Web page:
Ury House mistakes...
...as presented at Ury House Demo In The 1970s Erased Oldest Home In PA:
The mansion and adjoining estate were sold in 1973 to a real estate developer who demolished the historic home for a large tract of duplex apartments.
Ury House was built of stone quarried nearby by Swedish refugees who had sailed up the Delaware River and then the Pennypack in the early 1640s. It was said that the settlers arrived there by accident because they were sailing on the Delaware River during the evening and mistook the Pennypack Creek for their intended landing at Christiana, Delaware.
The Swedes quickly constructed a building of stone to protect themselves from the Lenni-Lenape, although they generally maintained friendly relations with local Native Americans. The stronghold also provided refuge when interloping Dutchmen from the Hudson Valley came down to the region to cause trouble. The Swedes used the structure as a fort, trading-post, and government house, since the settlers were scattered in huts and log cabins all around the dense forest that became Northeast Philadelphia.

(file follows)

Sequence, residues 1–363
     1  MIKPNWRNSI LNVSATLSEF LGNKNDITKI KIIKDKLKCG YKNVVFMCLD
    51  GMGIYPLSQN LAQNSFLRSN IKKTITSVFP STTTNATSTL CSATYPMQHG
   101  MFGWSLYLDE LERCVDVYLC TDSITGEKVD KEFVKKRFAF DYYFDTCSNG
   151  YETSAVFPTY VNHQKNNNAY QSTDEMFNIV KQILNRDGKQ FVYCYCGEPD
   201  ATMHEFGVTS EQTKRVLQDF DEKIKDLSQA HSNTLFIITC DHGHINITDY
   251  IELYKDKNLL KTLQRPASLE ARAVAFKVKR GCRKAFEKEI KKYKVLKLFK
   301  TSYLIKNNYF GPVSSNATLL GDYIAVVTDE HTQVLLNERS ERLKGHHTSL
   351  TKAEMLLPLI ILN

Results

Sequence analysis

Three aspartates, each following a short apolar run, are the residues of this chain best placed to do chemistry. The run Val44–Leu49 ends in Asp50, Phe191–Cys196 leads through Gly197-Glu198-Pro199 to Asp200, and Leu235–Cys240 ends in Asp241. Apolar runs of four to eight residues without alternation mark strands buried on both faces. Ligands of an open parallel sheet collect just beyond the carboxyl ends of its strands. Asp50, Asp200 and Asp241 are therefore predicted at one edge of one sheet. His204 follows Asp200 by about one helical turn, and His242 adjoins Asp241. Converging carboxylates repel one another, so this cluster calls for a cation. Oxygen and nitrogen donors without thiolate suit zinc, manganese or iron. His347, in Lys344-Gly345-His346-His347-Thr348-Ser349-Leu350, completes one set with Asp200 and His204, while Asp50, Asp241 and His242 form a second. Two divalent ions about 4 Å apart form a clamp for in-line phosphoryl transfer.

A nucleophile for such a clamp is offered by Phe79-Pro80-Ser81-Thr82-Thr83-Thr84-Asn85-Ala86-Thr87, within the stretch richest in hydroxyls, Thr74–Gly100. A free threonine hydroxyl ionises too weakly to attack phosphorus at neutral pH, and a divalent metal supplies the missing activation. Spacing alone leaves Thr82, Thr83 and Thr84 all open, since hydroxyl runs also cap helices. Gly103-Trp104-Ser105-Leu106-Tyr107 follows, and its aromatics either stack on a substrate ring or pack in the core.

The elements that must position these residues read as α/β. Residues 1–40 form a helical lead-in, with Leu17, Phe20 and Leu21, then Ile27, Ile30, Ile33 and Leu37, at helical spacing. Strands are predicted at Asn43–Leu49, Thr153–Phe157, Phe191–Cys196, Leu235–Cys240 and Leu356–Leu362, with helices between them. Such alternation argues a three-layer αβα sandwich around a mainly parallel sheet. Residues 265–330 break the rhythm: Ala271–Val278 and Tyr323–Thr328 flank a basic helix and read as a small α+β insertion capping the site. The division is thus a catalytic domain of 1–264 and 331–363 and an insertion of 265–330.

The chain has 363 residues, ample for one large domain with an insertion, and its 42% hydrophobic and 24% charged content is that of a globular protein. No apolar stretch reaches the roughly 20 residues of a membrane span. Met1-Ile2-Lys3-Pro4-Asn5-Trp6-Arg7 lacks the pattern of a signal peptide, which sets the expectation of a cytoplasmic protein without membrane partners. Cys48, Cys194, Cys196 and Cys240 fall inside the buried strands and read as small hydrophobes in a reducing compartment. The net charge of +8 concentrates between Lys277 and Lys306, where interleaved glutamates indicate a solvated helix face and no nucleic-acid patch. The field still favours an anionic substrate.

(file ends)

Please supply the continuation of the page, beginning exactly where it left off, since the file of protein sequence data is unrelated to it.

The blockhouse was the core of what eventually became the Ury House mansion. The approach from Pine Road was by a 400-foot long winding driveway with old-growth pine trees on both sides. A large peach orchard surrounded the concrete shelter, with cows and other livestock grazing about the grounds. Visitors entered through a monumental pillared porch and broad room, called Swedes Hall, with low rafters and a large fireplace. The mansion contained a square stone tower, under which was a cellar supported by stone supports. Swedes living in the surrounding woodlands would use a forge in the fort’s cellar to weld farm tools, mold lead bullets, and shoe horses. Ury House was so solidly built that when changes were made in 1899, dynamite had to be used to make even a dent in the masonry.